By KIM CHANDLER, Associated Press
MONTGOMERY, Ala. (AP) — Alabama officials said Tuesday the state will see a slight increase in COVID-19-vaccine doses coming in federal shipments, but the ongoing shortage remains the chief obstacle to getting more people vaccinated.
President Joe Biden announced Tuesday that the U.S. is boosting deliveries to hard-pressed states over the next three weeks to increase vaccinations. The increase would be about 16%.
“I’m pleased that Alabama will receive a slight increase in our vaccine supply. Any margin of increase is appreciated, but we have a long way to go to be able to provide them to any Alabamian who wants one,” Alabama Gov. Kay Ivey said Tuesday.
State Health Officer Scott Harris said he was informed Tuesday that Alabama will receive an additional 10,000 first doses in its upcoming delivery. The state had been receiving about 50,000 to 60,000 first doses each week but will see that jump to 70,000 doses in coming weeks, according to numbers supplied by Harris. The number does not include second doses. Harris said it is unclear if the increase will be sustained longer than three weeks.
“Along with Dr. Harris, I’ll continue to advocate to our federal partners that we must be more efficient in shipping these to the states in order for us to get shots in arms,” the governor said.
Ivey participated in the National Governors Association call Tuesday with officials in the new administration, including Jeff Zients, the White House COVID-19 coordinator. Ivey said the state will also have the flexibility to redistribute unused doses in the federal program to vaccinate nursing home residents.
Harris said he was happy to have the increase. The state had been expecting 112,000 weekly doses based on initial conversations with federal officials last year.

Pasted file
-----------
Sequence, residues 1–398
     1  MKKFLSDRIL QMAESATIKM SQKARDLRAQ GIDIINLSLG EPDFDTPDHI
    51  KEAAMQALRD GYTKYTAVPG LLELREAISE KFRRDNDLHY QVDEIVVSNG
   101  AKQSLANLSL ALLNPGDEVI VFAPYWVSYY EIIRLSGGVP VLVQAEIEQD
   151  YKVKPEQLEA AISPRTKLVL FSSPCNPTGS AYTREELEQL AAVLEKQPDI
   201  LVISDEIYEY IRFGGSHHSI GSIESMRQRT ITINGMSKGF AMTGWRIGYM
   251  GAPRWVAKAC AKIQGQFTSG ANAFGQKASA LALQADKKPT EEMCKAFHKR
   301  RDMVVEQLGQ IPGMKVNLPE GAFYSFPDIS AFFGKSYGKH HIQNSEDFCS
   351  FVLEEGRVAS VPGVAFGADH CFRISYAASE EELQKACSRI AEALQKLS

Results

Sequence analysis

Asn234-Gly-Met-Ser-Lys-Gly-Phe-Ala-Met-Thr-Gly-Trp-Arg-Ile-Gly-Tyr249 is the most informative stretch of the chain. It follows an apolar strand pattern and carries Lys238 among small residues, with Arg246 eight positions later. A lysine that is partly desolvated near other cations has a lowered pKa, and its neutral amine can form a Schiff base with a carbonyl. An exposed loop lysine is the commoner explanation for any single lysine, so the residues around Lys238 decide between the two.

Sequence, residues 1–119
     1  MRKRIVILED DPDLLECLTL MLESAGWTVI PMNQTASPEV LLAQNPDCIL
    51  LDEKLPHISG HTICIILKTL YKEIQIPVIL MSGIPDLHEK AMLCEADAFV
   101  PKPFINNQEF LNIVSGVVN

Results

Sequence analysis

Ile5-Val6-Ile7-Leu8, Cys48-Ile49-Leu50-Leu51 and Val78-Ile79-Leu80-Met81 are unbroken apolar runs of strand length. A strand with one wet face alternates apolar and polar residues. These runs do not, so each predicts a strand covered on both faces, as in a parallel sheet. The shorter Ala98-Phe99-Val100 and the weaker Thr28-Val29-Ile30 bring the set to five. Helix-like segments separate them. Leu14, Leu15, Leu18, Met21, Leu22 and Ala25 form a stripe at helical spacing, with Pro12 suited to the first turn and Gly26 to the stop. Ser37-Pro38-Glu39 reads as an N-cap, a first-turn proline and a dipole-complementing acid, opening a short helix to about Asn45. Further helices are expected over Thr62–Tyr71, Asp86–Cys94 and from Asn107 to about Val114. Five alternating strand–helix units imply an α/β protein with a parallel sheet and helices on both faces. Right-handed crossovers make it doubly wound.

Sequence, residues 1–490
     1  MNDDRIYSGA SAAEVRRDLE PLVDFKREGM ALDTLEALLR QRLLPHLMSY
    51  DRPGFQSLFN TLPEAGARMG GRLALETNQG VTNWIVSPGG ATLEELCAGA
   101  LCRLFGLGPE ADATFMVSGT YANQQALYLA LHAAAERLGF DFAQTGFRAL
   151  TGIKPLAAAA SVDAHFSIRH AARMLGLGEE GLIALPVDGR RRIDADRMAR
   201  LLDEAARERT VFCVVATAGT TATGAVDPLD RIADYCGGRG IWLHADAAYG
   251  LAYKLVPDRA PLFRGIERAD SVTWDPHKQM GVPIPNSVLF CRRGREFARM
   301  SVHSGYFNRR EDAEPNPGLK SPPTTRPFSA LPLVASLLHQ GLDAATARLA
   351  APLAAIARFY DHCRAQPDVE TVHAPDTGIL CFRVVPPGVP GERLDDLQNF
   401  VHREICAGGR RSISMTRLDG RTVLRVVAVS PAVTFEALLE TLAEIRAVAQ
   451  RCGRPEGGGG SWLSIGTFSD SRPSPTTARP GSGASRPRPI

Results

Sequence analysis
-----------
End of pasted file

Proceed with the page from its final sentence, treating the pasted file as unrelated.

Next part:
“Yes, it is less than the original 112,000 amount we had expected, but we are glad to see any increase at all,” Harris wrote in a message to The Associated Press.
Harris said Friday that the state has approved nearly 900 pharmacies, doctors’ office and other locations to distribute the vaccine, but 500 sites have not distributed any because the state doesn’t have doses to give.
According to state numbers, Alabama, which has a population of nearly 5 million, has had 523,000 doses delivered to the state, including those designated for nursing homes. There are more than 600,000 people currently eligible for vaccinations, including health workers, first responders and people 75 and older.
“Every state had the idea that they were going to get much more vaccine than they ultimately got,” Harris told reporters during a Friday briefing. “I assume this is related to optimistic projections and the inability of manufacturers to keep up that … There just wasn’t enough vaccine to go around.”
The vaccine rollout has been met with frustration. A state hotline for appointments with more than a million calls in its first day of operation.